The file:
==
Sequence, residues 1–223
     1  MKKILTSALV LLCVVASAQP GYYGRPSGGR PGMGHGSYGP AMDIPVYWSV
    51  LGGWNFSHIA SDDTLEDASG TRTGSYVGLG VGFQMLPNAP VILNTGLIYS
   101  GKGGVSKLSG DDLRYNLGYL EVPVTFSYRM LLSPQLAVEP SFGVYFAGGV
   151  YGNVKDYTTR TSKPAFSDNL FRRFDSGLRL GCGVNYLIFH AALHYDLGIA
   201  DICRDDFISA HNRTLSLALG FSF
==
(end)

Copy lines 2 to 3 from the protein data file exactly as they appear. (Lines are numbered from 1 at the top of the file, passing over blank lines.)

     1  MKKILTSALV LLCVVASAQP GYYGRPSGGR PGMGHGSYGP AMDIPVYWSV
    51  LGGWNFSHIA SDDTLEDASG TRTGSYVGLG VGFQMLPNAP VILNTGLIYS